Many parts of the U.S. are facing lumber shortages — and experts say the problem is acute in the West after 2020’s devastating wildfires.
Industry experts say several events led to the lumber shortage: COVID-19 lockdown orders and closures, new safety protocols that slowed production at mills and a spike in home remodeling while Americans were quarantined followed by a massive wildfire season.
“The industry is normally like this fine-tuned machine. A lot of events (in 2020) disrupted it,” said Cindy Mitchell, senior director of public affairs at the Washington Forest Protection Association, or WFPA.
Cumming Corp., an international cost consulting firm, said wildfires along the West Coast “have led to a significant spike in certain material prices.”
According to the Oregon Forest and Industries Council, or OFIC, a trade group representing forestland owners and wood product manufacturers, last year’s fires in Oregon alone may have killed 15 billion board-feet of timber, enough to build 1 million homes.
The National Association of Home Builders, or NAHB, reports that between mid-April and mid-September, lumber prices soared more than 170%, adding $16,148 to the price of a typical new single-family home. Prices drifted lower at the start of fall, but they’re on the rise again.
Mitchell of WFPA and Sara Duncan, spokeswoman for Oregon Forest and Industries Council, or OFIC, both said the lumber crisis was precipitated by several events.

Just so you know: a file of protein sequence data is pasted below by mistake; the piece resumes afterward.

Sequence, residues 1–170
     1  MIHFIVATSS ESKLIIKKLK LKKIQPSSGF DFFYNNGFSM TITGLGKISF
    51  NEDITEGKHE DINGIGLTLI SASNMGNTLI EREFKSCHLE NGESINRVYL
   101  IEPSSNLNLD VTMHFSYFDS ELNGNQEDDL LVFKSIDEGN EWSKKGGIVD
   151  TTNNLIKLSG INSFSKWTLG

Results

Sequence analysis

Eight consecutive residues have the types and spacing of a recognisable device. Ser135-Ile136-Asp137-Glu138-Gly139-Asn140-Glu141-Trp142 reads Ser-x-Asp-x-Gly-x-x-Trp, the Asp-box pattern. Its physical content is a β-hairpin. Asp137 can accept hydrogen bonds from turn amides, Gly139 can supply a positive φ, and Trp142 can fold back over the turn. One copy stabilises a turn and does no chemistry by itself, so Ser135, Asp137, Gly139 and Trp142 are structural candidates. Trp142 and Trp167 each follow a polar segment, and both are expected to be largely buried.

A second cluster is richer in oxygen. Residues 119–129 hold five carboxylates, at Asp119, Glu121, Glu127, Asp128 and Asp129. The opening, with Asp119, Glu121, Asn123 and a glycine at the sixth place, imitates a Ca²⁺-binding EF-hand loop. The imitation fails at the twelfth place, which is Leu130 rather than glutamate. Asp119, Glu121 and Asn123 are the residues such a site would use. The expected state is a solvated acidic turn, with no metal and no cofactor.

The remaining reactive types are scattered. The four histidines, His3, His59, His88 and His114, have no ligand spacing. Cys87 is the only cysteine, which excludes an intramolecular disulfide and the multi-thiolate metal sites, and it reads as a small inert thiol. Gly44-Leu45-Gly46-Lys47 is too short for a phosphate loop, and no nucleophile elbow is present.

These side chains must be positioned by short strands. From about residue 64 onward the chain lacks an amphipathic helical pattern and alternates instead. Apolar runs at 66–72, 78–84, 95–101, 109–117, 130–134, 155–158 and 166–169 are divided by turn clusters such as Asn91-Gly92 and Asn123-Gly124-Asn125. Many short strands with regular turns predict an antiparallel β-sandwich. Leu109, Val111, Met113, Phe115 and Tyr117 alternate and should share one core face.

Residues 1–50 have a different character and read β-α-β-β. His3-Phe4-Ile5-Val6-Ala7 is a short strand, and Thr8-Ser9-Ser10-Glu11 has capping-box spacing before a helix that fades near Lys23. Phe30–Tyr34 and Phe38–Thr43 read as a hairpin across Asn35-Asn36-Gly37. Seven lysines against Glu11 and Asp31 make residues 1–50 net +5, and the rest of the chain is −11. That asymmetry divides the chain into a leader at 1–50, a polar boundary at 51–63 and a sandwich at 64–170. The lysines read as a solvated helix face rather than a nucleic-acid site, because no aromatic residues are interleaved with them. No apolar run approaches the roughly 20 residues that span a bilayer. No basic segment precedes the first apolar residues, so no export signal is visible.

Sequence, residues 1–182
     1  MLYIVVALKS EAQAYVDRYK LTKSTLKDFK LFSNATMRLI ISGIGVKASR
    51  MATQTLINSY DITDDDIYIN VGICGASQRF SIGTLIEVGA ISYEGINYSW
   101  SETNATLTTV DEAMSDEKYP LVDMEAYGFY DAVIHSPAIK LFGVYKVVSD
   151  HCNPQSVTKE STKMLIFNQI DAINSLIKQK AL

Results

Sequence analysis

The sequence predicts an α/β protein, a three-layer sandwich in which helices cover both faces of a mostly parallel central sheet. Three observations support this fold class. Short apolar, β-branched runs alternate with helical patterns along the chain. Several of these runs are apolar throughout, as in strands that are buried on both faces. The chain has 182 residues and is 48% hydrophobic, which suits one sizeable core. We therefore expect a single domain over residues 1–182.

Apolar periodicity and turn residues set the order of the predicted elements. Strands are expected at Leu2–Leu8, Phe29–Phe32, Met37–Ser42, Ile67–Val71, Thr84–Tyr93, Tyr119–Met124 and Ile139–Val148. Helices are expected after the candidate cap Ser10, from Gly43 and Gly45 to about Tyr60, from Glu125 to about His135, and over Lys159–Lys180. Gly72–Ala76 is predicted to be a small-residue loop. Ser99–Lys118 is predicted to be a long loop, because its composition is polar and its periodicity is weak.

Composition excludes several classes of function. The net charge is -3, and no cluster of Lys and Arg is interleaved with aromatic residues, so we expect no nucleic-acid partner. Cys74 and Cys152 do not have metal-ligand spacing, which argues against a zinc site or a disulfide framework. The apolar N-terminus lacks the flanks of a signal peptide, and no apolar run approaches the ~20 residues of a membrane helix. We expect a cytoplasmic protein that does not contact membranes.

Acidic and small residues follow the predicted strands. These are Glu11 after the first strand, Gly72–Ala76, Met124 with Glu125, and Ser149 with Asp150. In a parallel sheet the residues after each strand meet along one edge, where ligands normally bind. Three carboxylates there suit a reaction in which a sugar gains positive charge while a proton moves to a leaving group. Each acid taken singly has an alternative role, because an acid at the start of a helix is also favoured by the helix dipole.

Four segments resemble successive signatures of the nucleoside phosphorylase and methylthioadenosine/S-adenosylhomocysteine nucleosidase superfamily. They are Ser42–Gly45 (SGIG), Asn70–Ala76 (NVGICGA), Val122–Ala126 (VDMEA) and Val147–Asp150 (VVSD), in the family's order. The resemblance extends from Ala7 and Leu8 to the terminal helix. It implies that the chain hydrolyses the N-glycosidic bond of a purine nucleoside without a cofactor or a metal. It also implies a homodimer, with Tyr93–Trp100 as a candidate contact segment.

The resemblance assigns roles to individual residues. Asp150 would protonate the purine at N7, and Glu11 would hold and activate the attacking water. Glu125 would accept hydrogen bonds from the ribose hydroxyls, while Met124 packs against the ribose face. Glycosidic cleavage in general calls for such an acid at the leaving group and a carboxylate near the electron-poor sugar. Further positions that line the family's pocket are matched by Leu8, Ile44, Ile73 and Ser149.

Some Western states temporarily shut down construction work at the start of COVID-19, which in turn meant some mills had to shut down, creating a backlog.
New safety protocols within mills slowed production.
With Americans stuck at home under shutdowns, remodeling boomed and people used up much of the existing lumber supply at a time when mill production was curtailed.
Then wildfire season hit, wiping out millions of acres of timberland.
Now, demand for building materials is even higher from West Coast communities that are rebuilding after fires.
The lumber shortage has had a variety of impacts.
Construction associations have reported contractors are showing increased interest in alternative materials, such as metal framing.
Forestry leaders say higher lumber prices don’t mean timberland managers are hitting it big. Instead, experts say, many timber companies are facing tight margins because they had equipment and trees destroyed in fires, higher input costs and expenses associated with labor and reforesting.
Lumber shortages also have economic consequences for fire victims.
Many U.S. insurance policies limit the timeframe a person has to rebuild a home after a fire. With limited supplies of lumber and few contractors available, many survivors may not meet their insurance rebuilding deadlines.
Some state agencies are seeking to address this. In Oregon, for example, the state Division of Financial Regulation recently negotiated agreements with several insurance companies, pushing them to extend their timelines to at least two years after the date of loss.
“The weirdness of (2020) backed up the whole forestry system,” said Mitchell of WFPA.